Vulnerabilities / Threats
10/2/2009
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Beware Hijacked Social Networking Accounts, FBI Warns

Social networking sites are becoming a more popular attack vector for cybercriminals because people trust those they believe to be friends.

Think twice before wiring money to help a Facebook friend who claims to be in trouble in a foreign country.

Marking the commencement of National Cybersecurity Awareness Month, the Federal Bureau of Investigation (FBI) on Thursday warned that there's been an increase in hijacked social networking accounts and that cybercriminals are using these accounts to defraud victims' friends.

Since 2006, there have been 3,200 reports of account hijackings, according to the Internet Crime Complaint Center (IC3).

Such scams often begin with spam messages.

"When opened, the spam allows the cyber intruders to steal passwords for any account on the computer, including social networking sites," the FBI said. "The thieves then change the user's passwords and eventually send out distress messages claiming they are in some sort of legal or medical peril and requesting money from their social networking contacts."

Facebook's security blog includes a transcript posted in August of a chat conversation in which this very scam is played out.

"Pretending to be Derek's friend Jill, the scammer tells Derek that she was mugged at gunpoint in London, and that she needs him to wire her $890 immediately," Facebook explains. "Derek becomes more and more suspicious as the conversation progresses and ultimately realizes that the person he's talking to isn't his friend, and that the story he's being told is a lie."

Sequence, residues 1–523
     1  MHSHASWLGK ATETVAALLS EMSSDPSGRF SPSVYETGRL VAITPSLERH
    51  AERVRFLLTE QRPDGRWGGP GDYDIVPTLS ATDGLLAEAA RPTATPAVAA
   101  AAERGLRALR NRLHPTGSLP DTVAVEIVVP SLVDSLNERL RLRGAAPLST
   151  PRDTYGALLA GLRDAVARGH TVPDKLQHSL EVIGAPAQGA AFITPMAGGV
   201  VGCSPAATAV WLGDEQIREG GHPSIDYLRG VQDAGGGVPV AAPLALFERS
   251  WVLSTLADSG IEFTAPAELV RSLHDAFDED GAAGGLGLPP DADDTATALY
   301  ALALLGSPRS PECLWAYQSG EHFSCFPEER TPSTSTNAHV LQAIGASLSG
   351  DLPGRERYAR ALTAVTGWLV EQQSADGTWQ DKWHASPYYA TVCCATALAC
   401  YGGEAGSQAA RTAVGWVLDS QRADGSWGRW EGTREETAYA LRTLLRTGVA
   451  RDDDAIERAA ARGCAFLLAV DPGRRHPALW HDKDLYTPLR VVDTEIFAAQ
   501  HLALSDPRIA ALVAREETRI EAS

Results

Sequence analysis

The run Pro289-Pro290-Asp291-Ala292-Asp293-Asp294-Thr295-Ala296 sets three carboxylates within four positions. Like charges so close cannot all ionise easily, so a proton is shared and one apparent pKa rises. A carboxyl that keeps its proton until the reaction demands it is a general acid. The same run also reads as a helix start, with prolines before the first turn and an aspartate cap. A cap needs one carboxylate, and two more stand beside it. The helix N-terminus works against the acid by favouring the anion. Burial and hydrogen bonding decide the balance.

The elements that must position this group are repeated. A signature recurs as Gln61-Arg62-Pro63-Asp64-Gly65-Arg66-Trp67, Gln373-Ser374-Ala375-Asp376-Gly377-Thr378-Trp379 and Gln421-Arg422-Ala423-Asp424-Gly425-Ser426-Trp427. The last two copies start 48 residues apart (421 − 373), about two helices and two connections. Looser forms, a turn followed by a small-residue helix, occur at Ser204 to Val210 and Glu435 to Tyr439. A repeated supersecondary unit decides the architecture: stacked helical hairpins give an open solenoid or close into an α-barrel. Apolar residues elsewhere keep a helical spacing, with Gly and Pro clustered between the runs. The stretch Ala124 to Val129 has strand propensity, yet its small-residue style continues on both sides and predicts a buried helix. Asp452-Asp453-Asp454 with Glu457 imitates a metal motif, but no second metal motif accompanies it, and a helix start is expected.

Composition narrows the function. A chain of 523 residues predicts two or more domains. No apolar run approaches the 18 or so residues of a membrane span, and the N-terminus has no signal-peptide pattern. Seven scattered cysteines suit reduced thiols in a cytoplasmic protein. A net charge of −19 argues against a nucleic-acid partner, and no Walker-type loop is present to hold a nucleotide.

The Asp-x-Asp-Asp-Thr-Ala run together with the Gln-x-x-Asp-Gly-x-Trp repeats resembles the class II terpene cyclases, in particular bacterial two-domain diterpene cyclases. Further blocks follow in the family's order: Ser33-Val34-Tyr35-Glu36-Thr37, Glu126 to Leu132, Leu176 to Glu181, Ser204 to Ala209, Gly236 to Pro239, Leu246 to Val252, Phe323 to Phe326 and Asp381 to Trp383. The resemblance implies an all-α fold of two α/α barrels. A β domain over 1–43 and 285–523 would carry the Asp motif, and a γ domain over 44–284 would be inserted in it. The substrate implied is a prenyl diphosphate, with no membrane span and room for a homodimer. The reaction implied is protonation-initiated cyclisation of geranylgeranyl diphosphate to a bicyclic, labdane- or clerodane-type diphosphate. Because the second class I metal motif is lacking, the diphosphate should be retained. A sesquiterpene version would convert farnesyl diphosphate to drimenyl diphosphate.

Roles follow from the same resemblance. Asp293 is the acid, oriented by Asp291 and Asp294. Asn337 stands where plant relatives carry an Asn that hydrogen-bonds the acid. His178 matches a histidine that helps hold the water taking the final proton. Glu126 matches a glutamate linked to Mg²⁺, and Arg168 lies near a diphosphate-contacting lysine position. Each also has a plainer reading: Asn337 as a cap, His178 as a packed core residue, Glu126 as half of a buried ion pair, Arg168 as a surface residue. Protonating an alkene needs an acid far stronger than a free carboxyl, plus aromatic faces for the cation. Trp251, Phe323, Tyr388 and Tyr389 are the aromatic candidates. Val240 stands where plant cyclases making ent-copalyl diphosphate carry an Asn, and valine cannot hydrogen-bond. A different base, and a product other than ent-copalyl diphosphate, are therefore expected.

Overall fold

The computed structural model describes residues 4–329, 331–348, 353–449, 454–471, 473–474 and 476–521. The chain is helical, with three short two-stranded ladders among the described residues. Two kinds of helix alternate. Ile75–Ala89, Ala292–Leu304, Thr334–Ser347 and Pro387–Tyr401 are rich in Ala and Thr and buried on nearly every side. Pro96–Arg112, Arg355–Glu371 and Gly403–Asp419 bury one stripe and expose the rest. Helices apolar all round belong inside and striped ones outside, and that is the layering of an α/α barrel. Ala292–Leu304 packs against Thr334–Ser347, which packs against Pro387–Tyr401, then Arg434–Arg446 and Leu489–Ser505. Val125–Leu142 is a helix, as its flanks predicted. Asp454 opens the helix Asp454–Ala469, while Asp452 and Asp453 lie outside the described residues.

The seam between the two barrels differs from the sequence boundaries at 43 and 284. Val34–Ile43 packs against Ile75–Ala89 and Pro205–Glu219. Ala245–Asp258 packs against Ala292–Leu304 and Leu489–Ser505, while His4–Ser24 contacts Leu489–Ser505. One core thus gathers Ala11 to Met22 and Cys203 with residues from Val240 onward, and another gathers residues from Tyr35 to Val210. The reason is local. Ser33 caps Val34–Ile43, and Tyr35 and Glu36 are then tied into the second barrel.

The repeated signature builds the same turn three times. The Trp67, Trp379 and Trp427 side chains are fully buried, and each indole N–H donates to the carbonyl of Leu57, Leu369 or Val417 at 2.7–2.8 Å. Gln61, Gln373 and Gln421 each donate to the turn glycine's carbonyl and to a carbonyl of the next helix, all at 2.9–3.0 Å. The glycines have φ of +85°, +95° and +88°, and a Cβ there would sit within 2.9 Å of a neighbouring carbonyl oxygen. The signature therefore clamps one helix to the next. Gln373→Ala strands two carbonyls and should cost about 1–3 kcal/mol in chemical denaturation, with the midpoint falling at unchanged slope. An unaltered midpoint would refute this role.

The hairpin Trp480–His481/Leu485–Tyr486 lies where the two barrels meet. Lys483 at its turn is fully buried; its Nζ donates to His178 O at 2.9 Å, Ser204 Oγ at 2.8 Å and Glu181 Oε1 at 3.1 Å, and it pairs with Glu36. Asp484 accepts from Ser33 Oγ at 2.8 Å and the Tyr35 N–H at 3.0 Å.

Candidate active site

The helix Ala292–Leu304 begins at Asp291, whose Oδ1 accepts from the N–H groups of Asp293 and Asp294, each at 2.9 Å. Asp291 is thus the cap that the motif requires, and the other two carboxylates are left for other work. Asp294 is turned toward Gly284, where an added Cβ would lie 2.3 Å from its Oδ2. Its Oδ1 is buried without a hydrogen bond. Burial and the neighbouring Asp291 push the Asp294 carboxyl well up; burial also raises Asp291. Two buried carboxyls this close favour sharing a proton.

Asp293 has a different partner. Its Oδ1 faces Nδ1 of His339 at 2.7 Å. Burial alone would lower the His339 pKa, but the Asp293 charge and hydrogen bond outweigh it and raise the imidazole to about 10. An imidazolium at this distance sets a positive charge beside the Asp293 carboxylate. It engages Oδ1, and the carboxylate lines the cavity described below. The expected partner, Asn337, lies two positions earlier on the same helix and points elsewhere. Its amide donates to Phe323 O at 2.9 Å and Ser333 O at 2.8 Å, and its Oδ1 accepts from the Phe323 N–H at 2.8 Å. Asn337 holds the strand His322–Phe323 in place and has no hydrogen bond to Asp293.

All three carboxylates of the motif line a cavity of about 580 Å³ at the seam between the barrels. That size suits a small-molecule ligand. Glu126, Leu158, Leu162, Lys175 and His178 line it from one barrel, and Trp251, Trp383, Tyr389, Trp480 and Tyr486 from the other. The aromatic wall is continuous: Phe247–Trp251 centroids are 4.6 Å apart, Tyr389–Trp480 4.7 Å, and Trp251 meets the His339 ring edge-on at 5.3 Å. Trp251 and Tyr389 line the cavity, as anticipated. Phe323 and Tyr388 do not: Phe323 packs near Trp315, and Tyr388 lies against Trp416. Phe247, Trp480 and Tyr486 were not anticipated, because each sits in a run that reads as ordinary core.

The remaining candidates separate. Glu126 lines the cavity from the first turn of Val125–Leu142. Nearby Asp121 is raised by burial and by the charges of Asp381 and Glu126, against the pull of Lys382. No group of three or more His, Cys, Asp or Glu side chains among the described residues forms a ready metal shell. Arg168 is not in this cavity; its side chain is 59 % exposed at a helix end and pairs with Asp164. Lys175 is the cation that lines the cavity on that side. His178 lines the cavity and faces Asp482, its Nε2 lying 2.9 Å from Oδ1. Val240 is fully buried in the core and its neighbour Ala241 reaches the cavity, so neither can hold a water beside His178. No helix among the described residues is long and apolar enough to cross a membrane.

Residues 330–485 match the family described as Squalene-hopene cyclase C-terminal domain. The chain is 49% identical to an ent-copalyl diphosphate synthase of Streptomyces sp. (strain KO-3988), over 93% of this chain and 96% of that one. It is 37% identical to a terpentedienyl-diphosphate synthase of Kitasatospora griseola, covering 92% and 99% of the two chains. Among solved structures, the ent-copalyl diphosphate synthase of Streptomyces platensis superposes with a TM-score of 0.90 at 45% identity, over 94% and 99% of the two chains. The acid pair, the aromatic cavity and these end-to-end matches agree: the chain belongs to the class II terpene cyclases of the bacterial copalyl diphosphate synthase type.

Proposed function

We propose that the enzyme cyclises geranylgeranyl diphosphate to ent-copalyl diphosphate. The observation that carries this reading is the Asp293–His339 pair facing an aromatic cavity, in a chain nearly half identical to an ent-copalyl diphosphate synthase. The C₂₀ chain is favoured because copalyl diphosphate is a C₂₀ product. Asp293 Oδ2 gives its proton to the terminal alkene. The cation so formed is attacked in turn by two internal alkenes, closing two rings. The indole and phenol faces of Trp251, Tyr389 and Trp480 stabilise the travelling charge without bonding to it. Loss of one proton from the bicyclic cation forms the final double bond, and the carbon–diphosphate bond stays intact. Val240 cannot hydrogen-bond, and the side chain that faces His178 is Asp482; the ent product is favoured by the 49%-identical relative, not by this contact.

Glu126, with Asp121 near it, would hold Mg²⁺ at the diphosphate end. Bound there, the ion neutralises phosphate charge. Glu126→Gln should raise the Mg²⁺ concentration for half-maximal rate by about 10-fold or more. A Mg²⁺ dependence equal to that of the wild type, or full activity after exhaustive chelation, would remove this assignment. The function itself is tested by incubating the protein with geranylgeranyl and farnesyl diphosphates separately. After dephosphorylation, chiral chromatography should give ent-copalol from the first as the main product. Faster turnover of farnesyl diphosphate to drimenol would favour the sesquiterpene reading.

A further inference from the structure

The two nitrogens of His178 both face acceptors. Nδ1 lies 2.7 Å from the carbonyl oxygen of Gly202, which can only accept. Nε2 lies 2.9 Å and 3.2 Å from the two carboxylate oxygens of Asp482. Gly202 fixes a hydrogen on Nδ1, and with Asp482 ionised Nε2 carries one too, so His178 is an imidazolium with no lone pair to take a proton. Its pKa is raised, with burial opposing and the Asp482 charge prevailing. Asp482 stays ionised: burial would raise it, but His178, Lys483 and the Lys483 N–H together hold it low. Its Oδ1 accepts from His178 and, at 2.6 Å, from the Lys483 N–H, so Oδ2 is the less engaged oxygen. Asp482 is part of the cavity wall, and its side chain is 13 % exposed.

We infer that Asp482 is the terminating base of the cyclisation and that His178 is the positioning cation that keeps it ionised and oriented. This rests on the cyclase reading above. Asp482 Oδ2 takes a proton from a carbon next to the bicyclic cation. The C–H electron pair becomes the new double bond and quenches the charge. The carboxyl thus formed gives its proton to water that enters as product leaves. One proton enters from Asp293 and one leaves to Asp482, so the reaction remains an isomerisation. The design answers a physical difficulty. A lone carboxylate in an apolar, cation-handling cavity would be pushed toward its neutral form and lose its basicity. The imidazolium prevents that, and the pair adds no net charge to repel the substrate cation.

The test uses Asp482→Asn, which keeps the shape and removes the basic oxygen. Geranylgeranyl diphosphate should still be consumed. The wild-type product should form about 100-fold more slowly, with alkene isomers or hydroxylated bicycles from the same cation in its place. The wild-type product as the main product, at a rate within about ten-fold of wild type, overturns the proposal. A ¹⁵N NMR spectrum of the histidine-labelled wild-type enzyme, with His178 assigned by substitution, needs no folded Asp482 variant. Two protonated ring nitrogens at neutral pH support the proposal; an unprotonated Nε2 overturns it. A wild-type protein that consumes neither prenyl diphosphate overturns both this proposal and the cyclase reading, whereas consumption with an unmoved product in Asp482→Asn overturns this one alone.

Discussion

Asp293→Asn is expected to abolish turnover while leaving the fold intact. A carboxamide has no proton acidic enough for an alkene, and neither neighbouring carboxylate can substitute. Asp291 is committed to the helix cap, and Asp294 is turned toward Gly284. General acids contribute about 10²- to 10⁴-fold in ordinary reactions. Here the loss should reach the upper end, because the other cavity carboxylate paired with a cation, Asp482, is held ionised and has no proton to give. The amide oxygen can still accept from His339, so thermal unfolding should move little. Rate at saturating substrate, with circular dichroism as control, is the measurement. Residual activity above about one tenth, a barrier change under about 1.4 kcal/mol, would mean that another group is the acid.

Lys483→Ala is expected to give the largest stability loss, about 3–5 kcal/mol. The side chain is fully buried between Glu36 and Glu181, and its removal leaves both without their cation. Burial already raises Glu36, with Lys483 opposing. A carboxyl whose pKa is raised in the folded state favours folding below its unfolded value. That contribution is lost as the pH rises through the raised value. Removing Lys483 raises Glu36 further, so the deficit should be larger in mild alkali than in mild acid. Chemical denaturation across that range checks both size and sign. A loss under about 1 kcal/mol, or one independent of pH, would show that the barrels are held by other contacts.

Another common scam, the FBI said, involves phishing spam that presents a fake notice about some issue requiring attention, such as a terms of service violation, account expiration, or unexplained account activity. Messages of this sort often seek to prompt recipients to click on a link that leads to a malicious site and to provide personal information or account details.

The reason that cybercriminals seek to abuse social networking accounts is that messages from friends have an appearance of legitimacy.

As if to underscore the FBI's concern, Roger Thompson, chief of research at AVG Technologies, reported in a blog post on Thursday that his company had detected a series of identical Facebook profiles, differentiated only by profile names, set up to distribute fake anti-virus software through a link purporting to be a home video.

The FBI advises: that users check their privacy settings on social sites to make sure they're not exposing too much information; being selective about friends on social sites; disabling unused sharing options; being careful about links posted to social sites; and reviewing the security settings and procedures at social sites.


InformationWeek has published an in-depth report on smartphone security. Download the report here (registration required).

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